Optimizing software investments and implementing strong software asset management processes have been proven to positively impact the financial health of organizations. According to a BSA global survey, a company with an annual revenue of $83 million could increase its profits by 11% by improving the consistency of its software. It would also increase productivity by 35%, reduce software costs by 20%, and reduce security risks by 54%.
In addition, since our search for the perfect solution is carried out impartially, independently, and rigorously through our vast network of partners, it helps to foster competition so that the purchasing power belongs exclusively to customers. When competition and choices in the market are limited, companies can afford to impose their conditions and price their products and services as they wish, which is obviously not beneficial to consumers. Fortunately, Korem is committed to negotiating the best prices and conditions with its suppliers to guarantee customer peace of mind.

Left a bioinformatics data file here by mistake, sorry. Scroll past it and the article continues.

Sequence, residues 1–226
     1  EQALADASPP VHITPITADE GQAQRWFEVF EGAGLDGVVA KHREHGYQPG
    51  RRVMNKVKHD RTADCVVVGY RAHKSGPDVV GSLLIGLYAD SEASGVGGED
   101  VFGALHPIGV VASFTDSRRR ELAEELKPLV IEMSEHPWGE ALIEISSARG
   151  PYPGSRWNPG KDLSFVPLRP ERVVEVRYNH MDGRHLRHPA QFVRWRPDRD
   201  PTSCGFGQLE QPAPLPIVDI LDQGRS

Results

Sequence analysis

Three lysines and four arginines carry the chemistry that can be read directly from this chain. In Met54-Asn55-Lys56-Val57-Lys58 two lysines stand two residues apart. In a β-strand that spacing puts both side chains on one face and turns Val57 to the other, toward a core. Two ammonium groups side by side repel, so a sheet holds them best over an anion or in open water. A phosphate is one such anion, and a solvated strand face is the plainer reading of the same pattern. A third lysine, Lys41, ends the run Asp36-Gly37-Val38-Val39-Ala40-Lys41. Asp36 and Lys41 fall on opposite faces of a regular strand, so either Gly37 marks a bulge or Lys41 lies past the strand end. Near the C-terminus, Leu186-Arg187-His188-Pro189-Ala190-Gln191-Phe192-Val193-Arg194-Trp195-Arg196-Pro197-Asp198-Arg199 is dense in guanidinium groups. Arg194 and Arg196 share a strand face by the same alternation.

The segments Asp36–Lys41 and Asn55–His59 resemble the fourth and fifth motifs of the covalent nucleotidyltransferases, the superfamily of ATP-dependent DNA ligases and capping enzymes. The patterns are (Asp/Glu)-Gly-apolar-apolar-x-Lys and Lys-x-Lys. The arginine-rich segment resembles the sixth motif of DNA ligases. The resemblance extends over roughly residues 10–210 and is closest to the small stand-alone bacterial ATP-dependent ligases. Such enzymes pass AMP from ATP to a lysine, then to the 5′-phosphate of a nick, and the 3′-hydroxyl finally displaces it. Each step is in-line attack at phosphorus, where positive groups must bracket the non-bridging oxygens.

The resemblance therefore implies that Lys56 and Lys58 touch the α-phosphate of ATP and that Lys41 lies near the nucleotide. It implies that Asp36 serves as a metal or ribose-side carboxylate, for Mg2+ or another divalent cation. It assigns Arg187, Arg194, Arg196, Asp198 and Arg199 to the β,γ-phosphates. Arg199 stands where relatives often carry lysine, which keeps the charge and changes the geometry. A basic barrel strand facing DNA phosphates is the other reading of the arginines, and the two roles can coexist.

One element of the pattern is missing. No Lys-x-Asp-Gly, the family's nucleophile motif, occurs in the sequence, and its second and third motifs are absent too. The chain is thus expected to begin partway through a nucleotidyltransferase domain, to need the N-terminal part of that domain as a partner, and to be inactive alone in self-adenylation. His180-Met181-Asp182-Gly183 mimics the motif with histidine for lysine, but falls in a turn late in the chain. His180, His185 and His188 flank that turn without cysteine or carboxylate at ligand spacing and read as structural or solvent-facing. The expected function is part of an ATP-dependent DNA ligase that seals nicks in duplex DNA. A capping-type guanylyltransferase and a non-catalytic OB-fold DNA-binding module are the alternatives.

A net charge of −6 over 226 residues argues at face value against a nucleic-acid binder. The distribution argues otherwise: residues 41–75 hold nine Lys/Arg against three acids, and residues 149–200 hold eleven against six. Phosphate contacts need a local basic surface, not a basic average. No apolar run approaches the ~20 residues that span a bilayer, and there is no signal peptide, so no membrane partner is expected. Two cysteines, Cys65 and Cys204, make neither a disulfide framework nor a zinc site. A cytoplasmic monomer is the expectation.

Our One-Stop Shop, which provides our clients with a wide range of complete packages for the technological solutions and services at their disposal, all under one roof, is custom-built to accelerate the adoption of geospatial technology while reducing the risk at all stages of the integration process. Whether you need data integration, geocoding and address management, analytics, and visualization, or a complete enterprise solution, we are committed to giving the best of ourselves to provide an outstanding customer experience. Korem is determined to build a business relationship with its customers based on honesty, trust, and loyalty. Get in touch now so that we can help you develop a business model in line with the most up-to-date technologies!